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What You Need To Know About Living With Low White Blood Cells

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Updated December 28, 2010

Low white blood cells, or neutropenia, can be caused by a couple of factors in patients with blood cancers. First, cancer cells crowding out normal white-blood-cell-producing cells in your bone marrow may cause it. Or it may be a side effect of therapy for your cancer, such as chemotherapy or radiation therapy (radiotherapy). If you have low white blood cell counts, you are at increased risk of developing a serious infection. Therefore, there are a few things you need to know about living with low white cells.

How to Decrease Your Chances of Getting an Infection

There are a number of things you can do to help prevent an infection:
  • Perform good handwashing several times a day, especially before and after eating or food preparation, after using the toilet, or after sneezing or blowing your nose.
  • Perform good mouth care.
  • Wear gloves when working with soil or out in the garden.
  • Use an electric razor instead of a straight blade.
  • Avoid large crowds, or people who have recently been sick.
  • Take care of your skin, and clean any cuts or scrapes with soap and water immediately.
  • Avoid scratching or picking at pimples.
  • Do not clean or scoop cat litter boxes or birdcages.
  • Cook all meats and fish well, and wash all fruits and vegetables before eating them.
  • Avoid taking rectal suppositories or enemas. Keep an eye on your bowel patterns and intervene before you become constipated.
  • Ask your healthcare provider about immunizations or flu shots.
  • Avoid contact with children who have recently received a live vaccine such as chicken pox, measles, or polio.
  • Change towels and handtowels often.
  • Do not share drinks or eating utensils with others.
  • Do not have plants or fresh flowers in your hospital room.
  • For the ladies, use sanitary napkins instead of tampons during your period and avoid vaginal douches or bubble baths.

In some cases, a virus that is lying dormant in your body may cause infection. An example of this may be the herpes virus or chicken pox. These viruses, if not being kept in check by your immune system, may become reactivated and lead to an infection.

Signs of an Infection

In patients with low white blood cells, infections can come on suddenly and progress quickly. Some common signs of an infection are:

  • Fever with a temperature greater than 100°F or 38°C
  • Sweating, especially at night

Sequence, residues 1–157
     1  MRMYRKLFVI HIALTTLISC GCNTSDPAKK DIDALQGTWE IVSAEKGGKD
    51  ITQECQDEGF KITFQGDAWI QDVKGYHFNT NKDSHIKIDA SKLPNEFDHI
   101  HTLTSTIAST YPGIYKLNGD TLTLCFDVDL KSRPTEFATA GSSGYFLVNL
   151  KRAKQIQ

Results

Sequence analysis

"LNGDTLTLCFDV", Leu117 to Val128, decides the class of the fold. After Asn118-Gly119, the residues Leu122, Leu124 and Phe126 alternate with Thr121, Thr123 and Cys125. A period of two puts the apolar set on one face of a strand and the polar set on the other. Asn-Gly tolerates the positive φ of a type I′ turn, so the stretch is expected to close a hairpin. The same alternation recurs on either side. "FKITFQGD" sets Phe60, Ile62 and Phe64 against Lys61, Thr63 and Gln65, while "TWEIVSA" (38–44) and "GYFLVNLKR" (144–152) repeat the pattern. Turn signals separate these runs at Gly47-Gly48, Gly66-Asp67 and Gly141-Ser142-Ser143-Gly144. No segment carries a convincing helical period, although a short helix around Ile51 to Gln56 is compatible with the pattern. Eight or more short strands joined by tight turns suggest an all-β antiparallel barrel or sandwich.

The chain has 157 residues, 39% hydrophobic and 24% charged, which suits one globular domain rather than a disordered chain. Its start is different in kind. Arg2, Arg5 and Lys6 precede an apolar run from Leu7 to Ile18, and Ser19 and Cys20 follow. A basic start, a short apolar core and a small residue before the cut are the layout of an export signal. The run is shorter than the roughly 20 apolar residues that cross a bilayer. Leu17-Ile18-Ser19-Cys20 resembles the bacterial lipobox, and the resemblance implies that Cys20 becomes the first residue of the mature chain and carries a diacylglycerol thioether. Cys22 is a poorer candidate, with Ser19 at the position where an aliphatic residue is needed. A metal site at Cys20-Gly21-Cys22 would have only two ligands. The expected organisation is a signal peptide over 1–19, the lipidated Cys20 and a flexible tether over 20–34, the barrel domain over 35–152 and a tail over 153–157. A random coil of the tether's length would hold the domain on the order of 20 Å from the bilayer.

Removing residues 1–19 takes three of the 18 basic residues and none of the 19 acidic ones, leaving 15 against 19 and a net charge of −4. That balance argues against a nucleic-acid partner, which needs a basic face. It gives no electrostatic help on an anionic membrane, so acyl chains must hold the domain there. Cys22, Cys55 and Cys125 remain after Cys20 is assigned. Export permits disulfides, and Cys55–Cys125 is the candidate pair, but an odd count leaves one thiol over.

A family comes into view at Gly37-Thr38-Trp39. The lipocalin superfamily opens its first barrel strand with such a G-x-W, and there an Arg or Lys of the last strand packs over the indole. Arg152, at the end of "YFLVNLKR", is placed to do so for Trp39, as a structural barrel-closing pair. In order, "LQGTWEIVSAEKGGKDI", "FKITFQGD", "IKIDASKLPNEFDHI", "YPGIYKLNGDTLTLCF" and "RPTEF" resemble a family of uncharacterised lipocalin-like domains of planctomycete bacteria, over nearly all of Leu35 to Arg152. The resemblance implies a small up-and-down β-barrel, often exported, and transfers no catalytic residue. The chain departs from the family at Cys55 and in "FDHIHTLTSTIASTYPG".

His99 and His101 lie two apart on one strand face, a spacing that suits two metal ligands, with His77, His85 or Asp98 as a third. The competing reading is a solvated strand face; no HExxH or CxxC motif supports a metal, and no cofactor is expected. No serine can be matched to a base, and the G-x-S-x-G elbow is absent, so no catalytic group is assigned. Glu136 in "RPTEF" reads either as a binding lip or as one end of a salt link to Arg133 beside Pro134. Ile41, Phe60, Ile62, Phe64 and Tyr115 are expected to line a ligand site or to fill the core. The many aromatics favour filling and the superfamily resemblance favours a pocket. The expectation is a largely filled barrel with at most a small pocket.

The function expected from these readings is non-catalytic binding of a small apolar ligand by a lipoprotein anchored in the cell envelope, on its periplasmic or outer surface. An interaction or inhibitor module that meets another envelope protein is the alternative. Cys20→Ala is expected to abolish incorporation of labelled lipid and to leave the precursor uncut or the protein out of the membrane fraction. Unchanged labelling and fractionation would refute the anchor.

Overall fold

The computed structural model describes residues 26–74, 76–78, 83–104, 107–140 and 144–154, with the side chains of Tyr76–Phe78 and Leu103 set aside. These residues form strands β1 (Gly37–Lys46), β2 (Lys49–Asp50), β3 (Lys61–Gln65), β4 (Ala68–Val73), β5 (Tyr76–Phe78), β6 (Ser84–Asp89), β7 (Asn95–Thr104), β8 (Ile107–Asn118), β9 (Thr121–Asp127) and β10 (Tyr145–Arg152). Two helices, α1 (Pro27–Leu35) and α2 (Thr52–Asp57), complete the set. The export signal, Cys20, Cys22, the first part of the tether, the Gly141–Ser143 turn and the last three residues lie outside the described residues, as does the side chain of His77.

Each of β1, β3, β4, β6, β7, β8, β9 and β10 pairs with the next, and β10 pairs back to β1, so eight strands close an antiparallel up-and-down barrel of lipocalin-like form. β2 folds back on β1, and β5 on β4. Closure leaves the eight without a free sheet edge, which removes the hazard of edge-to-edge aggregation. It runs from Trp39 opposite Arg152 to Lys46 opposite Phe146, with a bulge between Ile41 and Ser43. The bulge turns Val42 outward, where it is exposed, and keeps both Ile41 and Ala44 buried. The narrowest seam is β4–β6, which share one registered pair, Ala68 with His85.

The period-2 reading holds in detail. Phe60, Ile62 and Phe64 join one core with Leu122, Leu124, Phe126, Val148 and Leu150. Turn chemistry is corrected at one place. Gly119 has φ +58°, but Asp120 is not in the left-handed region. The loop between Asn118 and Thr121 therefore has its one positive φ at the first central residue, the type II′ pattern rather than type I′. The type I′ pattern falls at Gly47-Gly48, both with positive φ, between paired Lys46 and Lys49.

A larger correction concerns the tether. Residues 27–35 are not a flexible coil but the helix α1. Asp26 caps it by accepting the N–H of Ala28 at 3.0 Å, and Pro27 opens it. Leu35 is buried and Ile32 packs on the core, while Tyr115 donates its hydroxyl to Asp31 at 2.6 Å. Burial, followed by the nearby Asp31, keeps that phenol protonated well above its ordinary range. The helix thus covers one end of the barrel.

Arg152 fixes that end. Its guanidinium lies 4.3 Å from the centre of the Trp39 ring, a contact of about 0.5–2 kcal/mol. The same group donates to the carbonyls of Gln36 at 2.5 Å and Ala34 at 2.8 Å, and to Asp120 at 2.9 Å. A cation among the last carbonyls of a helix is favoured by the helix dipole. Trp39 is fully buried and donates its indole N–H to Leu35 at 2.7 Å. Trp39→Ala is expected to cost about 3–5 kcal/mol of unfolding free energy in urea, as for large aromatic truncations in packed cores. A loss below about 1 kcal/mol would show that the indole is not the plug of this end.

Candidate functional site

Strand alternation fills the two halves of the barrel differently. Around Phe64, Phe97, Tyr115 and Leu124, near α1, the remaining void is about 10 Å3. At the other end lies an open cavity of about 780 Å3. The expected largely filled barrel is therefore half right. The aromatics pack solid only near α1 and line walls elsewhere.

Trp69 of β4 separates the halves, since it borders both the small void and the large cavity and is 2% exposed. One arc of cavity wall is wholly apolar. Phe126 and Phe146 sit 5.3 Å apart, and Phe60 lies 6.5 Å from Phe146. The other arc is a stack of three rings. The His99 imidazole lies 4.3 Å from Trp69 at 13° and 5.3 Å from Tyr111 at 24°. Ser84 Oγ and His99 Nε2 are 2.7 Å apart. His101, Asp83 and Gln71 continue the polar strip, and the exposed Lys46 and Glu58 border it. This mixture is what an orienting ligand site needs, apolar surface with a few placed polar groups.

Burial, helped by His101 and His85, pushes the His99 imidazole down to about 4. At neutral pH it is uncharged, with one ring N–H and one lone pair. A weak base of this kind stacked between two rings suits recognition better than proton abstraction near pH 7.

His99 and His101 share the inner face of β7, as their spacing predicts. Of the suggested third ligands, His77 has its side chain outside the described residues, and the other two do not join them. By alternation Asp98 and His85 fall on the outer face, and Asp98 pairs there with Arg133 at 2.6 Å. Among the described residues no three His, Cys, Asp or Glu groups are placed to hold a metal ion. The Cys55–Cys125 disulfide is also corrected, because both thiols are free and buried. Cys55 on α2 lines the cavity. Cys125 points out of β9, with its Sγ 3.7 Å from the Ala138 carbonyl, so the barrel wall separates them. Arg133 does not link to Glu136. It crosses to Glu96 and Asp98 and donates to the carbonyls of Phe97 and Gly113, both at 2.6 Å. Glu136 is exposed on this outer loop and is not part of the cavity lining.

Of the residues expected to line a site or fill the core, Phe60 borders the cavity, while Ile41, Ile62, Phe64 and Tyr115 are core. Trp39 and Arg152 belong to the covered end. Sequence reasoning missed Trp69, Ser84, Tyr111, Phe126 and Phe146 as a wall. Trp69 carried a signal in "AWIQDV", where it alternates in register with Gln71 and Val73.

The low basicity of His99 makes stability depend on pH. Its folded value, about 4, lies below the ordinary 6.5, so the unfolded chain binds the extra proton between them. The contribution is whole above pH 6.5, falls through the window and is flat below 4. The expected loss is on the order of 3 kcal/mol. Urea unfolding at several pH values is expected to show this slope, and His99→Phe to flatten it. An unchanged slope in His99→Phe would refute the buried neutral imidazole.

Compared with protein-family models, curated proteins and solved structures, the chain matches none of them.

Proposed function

• Pain with urination, or frequently voiding small amounts
  • Chills or shaking
  • Cough that produces green or yellow sputum
  • Sore throat
  • Redness and swelling at a skin wound
  • Diarrhea

If you are neutropenic, the usual signs that accompany an infection may not be present. Redness, swelling and pus are responses that are created, in part, by white blood cells, and if your counts are low, those signs may not be present. Fever may be the only symptom that you have and should be taken seriously after cancer treatment.

It is important that you have a good working thermometer at home, and know how to use it properly so you can detect a fever early.

Treatment of Neutropenia and Infection

In most cases, your healthcare provider will expect that your treatment will cause a certain amount of neutropenia. However, the longer your immune system is out of order, the more likely you are to get a serious infection. Therefore, your doctor may order a type of drug called a colony stimulating factor.

Colony stimulating factors, such as G-CSF (Filgrastim, Neupogen or Neulasta) or GM-CSF (Sargramostim, Leukine), give your bone marrow a message to start producing white blood cells again. These medications are given as an injection and are often started shortly after treatment, or once your white blood cell count has been low for a couple of days.

Your doctor may also choose to start you on “prophylactic” antibiotics or antivirals; that is, medications to prevent infection from happening. More likely, your healthcare provider will begin antibiotics once they know the cause of your infection.

The Bottom Line

Although neutropenia is a common side effect following treatment for leukemia or lymphoma, it can become very serious, even life-threatening, if an infection develops. It is important to prevent infection and keep on the lookout for signs and symptoms when your counts are low. Treat your fever as an emergency, and contact your healthcare provider right away if you think you have an infection.

Source:

Ryan, J. Infection. In Yarbro, C., Frogge, M., Goodman, M., Groenwald, S. eds(2000) Cancer Nursing: Principles and Practice, 5th ed. Jones and Bartlett: Sudbury, MA. (pp.691- 708)

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